Anthony was hospitalized for a week after experiencing suicidal thoughts, and hit rock bottom emotionally. Fortunately, he had his loving parents to help him get through this troubling period in life, referring to his mother Sarah Sortino as “the hardest, working, most dedicated mother I could ever ask for,”

Soon after, Piccione transferred to Windsor High. While still traumatized and isolated, he gradually started to come out of his shell by auditioning for the drama club.

He recalls the thrill of going onstage and becoming a character who wasn’t himself. Piccione took it all in completely immersing himself taking private acting lessons and performing in various community theatre productions in Connecticut.

Still, Piccione claims he didn’t fit in with any social clique, including many of the theatre kids. In fact, for years after high school, Anthony struggled with being able to get more than a few words out in a conversation — let alone initiate one — without fear of saying the wrong thing or being mocked. The only upside to this fear is it gave Piccione plenty of creative inspiration to work with, claiming that he might not be writing now, if he didn’t go through such a difficult period in his life.

Without this hardship that made him who he is, he certainly wouldn’t be receiving kind words from Smith Scripts founder Paul Smith who said, “When you read a script by Anthony, you are struck by the seamless joining of the relevant, the provocative, the emotional and the sheer art of good storytelling. His works stand out on a crowded stage and leave the reader and the viewer with questions, inspiration and satisfaction.”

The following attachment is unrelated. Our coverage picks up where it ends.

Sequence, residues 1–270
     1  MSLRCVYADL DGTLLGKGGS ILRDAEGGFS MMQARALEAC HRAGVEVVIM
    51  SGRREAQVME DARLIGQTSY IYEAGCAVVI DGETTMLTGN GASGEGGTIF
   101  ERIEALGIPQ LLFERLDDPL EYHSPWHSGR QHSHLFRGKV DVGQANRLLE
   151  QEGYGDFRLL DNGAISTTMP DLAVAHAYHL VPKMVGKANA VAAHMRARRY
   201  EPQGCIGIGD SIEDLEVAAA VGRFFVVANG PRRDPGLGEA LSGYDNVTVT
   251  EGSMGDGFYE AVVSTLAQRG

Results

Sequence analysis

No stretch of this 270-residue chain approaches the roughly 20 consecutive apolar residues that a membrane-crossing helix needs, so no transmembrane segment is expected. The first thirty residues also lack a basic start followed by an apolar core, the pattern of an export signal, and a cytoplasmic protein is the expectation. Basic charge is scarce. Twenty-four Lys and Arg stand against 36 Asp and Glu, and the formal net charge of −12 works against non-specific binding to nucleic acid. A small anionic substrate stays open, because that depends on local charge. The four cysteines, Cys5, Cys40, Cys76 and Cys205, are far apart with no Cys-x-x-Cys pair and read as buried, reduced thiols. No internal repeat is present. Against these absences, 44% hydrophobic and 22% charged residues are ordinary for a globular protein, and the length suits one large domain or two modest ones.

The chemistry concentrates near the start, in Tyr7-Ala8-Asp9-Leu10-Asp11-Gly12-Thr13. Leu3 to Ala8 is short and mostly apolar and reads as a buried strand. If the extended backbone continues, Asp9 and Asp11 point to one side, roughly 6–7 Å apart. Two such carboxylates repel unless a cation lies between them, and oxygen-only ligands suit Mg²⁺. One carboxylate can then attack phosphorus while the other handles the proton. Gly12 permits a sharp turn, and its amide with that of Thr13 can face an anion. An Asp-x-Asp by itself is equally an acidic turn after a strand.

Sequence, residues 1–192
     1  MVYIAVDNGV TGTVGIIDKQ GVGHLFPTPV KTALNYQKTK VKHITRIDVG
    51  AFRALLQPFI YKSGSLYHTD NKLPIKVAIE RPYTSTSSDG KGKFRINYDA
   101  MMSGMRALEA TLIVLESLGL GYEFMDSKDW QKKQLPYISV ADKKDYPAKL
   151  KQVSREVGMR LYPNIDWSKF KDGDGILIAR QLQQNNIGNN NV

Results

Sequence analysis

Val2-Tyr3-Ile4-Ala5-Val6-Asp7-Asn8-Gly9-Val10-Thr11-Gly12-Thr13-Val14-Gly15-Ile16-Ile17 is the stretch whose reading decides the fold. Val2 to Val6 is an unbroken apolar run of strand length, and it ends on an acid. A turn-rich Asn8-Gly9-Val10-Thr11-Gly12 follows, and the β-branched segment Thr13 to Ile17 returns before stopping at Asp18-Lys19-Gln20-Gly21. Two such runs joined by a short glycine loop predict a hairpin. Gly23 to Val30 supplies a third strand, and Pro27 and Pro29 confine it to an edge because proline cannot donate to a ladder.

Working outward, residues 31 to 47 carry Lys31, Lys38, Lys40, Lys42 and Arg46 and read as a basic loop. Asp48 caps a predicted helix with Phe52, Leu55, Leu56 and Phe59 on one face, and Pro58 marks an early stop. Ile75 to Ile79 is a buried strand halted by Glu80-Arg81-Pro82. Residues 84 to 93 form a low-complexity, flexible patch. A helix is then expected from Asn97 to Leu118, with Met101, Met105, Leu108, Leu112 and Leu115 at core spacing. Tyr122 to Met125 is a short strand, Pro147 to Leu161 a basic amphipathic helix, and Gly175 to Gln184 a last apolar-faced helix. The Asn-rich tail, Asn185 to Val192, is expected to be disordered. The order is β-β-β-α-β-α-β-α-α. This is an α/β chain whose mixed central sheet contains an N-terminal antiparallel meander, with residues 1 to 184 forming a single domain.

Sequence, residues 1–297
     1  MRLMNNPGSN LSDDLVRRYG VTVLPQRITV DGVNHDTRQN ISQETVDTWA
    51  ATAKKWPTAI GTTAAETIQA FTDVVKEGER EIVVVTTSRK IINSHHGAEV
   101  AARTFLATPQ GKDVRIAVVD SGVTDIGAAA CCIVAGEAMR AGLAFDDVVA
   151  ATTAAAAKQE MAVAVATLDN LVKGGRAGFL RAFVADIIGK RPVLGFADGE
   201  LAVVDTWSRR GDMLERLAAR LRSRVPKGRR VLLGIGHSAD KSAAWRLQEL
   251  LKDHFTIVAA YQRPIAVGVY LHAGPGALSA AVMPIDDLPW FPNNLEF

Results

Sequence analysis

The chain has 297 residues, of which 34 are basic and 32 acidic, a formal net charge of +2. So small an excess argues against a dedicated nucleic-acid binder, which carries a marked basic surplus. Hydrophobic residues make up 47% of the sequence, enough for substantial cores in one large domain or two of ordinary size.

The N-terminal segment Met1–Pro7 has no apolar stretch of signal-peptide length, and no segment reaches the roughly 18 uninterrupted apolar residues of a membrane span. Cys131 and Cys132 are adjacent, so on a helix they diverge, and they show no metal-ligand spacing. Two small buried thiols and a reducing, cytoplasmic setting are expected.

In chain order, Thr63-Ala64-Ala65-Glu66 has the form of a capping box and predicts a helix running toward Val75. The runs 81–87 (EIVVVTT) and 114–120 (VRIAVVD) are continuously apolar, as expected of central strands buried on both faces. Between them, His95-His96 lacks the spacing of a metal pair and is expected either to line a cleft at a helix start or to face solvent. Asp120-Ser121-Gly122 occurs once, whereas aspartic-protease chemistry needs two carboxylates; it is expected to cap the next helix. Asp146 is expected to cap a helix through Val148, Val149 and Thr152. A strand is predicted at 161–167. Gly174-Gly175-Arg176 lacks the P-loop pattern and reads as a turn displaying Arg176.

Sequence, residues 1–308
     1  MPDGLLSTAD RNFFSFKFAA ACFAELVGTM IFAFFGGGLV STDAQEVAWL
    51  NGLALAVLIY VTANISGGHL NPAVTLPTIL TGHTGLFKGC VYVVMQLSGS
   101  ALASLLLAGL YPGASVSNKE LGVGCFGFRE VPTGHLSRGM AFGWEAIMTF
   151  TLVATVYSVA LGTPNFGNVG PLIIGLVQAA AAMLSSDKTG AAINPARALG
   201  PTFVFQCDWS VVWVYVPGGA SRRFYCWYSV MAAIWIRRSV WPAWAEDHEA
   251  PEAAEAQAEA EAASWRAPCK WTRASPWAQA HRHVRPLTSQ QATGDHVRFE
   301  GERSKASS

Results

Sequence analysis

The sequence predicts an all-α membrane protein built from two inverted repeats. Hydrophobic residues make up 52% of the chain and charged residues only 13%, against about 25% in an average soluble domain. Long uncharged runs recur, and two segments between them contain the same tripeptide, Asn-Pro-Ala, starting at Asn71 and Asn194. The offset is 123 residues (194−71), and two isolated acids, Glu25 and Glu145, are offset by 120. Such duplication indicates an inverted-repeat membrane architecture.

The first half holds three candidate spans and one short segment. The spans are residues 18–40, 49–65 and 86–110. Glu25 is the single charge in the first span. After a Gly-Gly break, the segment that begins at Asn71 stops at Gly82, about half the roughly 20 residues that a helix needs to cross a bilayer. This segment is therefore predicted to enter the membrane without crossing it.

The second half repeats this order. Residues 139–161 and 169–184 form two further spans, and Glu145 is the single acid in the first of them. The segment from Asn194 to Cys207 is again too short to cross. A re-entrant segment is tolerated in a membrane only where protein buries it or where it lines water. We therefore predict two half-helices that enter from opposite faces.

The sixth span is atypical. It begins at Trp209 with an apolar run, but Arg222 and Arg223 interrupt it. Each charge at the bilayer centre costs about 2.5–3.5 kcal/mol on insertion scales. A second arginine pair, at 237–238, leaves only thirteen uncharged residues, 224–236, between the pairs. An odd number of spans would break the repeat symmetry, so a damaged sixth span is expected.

After finding his niche in acting, Anthony headed to Eastern Connecticut State University. While in a playwriting class, he had an epiphany. Piccione decided he would pursue his first love of creative writing, continuing to work in the theatre world writing for the stage. He found inspiration in the works of playwrights varying from Samuel Beckett, Sarah Kane and Tony Kushner as well as non-theater luminaries such as J.R.R. Tolkien, Charlie Kaufman and Christopher Nolan.

I asked Anthony if he had a favorite story and he coyly replied, “I do. The ones I write and produce.”

He received his BA in Theatre, garnering minors in Writing and Film. Anthony graduated in May 2016 and moved to NYC in September of that year.

Once he arrived on the scene, Anthony made a splash right away having a short play produced at Manhattan Repertory Theatre. He still remembers the pride he felt having a play on a legitimate stage in New York, even if not too many people saw it. Anthony likes to think that play set off his string of successes that followed like his first full length play A Therapy Session with Myself’s long-standing run at the Kraine Theater from May 2019 — March 2020 which ended prematurely due to the pandemic.

That brings us to the present.